Active fund managers argue that they can beat the market by picking stocks that do better than the average. Risk and liquidity issues are important factors to consider here but, as an exercise to test this thesis, it is interesting to look back and see what stocks now in the FTSE 100 were the best picks 16-years ago on a total returns basis, i.e. with dividends reinvested.
Since September 1994 the best performer was Capita, a support services company. Second was Tullow, an oil exploration company, third was Sage, a software company, fourth was Antofagasta, a mining company and fifth was Next, a retailer.
The results shed light on the growth versus income argument. Traditional investors argue that the reinvestment of dividends is the key to long-term performance. This is supported by the Barclays Equity Gilts Study which shows that £100 invested in 1899 would now be worth £160 in real terms, but £22,239 if dividends had been reinvested. The performance of Capita illustrates this. In capital terms £100 grew to £3,620. Reinvesting dividends over the 18 years would have yielded an extra 36% (giving £4,911). A similar uplift is evident for Sage and Antofagasta, whilst for Next the uplift from reinvesting its dividends almost doubled total returns over the period to £2,356.
These data also demonstrate the power of compound interest. A seemingly small difference in annualised returns can lead to a vastly different final sum over a long period. Capita’s capital return is only a couple of percentage points lower than the total return (22.1% p.a. and 24.2% p.a. respectively) but by the end of 18 years of reinvesting dividends the outcome is almost £1,300 more.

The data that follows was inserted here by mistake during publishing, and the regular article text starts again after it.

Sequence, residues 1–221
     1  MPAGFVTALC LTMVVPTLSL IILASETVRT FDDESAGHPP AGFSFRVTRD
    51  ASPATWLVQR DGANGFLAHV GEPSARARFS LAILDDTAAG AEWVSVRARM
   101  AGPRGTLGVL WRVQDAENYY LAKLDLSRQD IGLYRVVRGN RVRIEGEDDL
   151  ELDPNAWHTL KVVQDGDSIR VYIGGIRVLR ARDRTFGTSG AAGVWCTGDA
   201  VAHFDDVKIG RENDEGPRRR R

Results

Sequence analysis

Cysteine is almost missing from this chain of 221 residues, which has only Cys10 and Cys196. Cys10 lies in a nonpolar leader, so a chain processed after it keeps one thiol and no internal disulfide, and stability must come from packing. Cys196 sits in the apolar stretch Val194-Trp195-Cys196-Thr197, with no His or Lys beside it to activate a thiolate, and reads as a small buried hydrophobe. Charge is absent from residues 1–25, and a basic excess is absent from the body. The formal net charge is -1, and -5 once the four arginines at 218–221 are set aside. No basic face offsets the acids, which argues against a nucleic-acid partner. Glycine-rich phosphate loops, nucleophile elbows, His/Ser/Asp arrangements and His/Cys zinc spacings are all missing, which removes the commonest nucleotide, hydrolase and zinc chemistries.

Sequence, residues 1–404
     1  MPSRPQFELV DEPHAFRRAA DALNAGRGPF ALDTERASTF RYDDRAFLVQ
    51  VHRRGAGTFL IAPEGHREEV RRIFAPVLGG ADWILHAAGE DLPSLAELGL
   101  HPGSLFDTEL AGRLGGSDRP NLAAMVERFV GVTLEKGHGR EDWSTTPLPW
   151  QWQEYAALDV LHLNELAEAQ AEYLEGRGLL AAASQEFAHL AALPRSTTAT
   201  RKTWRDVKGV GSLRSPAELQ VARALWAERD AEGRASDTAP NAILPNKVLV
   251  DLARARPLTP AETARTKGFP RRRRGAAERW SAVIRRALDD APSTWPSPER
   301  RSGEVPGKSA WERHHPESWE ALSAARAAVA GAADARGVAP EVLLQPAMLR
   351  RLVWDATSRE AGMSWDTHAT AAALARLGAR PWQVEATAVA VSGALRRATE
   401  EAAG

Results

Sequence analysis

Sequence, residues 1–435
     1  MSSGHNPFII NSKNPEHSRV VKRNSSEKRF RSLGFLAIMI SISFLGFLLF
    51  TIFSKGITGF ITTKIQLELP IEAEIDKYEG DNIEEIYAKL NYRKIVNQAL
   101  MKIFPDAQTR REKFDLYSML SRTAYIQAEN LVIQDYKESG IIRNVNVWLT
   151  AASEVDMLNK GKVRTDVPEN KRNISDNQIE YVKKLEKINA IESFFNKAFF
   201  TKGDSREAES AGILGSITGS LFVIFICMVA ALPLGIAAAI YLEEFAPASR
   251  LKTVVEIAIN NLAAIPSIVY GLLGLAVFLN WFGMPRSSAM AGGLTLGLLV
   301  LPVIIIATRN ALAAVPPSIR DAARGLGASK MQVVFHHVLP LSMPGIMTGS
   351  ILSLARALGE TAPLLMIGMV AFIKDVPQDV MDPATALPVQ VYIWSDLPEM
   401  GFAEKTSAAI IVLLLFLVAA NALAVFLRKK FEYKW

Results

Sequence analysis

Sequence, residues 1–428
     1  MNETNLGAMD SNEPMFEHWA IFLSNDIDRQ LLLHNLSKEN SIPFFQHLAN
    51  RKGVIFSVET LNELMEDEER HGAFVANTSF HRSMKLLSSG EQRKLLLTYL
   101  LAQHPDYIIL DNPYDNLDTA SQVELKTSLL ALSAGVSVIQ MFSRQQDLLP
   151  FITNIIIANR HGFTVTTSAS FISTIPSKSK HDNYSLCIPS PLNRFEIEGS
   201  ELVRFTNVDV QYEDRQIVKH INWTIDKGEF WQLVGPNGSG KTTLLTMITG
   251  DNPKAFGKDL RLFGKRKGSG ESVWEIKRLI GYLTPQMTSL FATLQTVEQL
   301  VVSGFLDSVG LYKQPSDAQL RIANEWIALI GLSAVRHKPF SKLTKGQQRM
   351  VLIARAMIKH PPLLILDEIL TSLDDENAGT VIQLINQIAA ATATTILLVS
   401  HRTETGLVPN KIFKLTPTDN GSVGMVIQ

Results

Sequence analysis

Returns for Tullow, by contrast, have little to do with dividend flows and are all about growth. Oil explorers reinvest cash-flows boosted by occasional windfalls such as those experienced by Cairn in Rajasthan. (Ironically Cairn would have been in the top five, but payment of its last special dividend in March 2012 knocked Cairn out of the FTSE 100). The dividend yield for Tullow has remained very low since 2003 when the company first paid a small dividend, though it has risen since.
If dividends are that important shouldn’t investors just concentrate on high yielding stocks, where dividends are high in relation to the share price? The danger here is that…
Past performance is not a guide to future returns. The value of investments and the income from them may go down as well as up and is not guaranteed. An investor may not get back the amount originally invested. For risks relating to specific products, please refer to the relevant documentation for that product.